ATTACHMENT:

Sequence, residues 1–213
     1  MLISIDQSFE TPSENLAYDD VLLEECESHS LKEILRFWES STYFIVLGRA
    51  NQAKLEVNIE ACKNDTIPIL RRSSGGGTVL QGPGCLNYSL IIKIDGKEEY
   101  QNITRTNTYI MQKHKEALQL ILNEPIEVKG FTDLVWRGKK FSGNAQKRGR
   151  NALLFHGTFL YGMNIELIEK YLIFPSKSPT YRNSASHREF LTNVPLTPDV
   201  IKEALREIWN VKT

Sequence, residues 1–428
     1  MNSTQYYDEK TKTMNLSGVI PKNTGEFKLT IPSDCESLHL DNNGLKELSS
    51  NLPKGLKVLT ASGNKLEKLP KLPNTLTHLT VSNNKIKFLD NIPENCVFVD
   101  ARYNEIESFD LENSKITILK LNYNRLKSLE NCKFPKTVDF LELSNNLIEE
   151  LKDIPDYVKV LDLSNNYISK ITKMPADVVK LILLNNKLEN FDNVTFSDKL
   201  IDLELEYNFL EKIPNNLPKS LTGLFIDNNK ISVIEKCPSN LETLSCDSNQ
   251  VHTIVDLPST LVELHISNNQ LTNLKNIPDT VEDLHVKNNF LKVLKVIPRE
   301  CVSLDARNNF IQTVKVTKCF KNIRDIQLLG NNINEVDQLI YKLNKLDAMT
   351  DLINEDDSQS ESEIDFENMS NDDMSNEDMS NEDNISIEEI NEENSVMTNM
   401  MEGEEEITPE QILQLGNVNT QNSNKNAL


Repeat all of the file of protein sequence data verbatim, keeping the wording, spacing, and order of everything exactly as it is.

Sequence, residues 1–213
     1  MLISIDQSFE TPSENLAYDD VLLEECESHS LKEILRFWES STYFIVLGRA
    51  NQAKLEVNIE ACKNDTIPIL RRSSGGGTVL QGPGCLNYSL IIKIDGKEEY
   101  QNITRTNTYI MQKHKEALQL ILNEPIEVKG FTDLVWRGKK FSGNAQKRGR
   151  NALLFHGTFL YGMNIELIEK YLIFPSKSPT YRNSASHREF LTNVPLTPDV
   201  IKEALREIWN VKT

Sequence, residues 1–428
     1  MNSTQYYDEK TKTMNLSGVI PKNTGEFKLT IPSDCESLHL DNNGLKELSS
    51  NLPKGLKVLT ASGNKLEKLP KLPNTLTHLT VSNNKIKFLD NIPENCVFVD
   101  ARYNEIESFD LENSKITILK LNYNRLKSLE NCKFPKTVDF LELSNNLIEE
   151  LKDIPDYVKV LDLSNNYISK ITKMPADVVK LILLNNKLEN FDNVTFSDKL
   201  IDLELEYNFL EKIPNNLPKS LTGLFIDNNK ISVIEKCPSN LETLSCDSNQ
   251  VHTIVDLPST LVELHISNNQ LTNLKNIPDT VEDLHVKNNF LKVLKVIPRE
   301  CVSLDARNNF IQTVKVTKCF KNIRDIQLLG NNINEVDQLI YKLNKLDAMT
   351  DLINEDDSQS ESEIDFENMS NDDMSNEDMS NEDNISIEEI NEENSVMTNM
   401  MEGEEEITPE QILQLGNVNT QNSNKNAL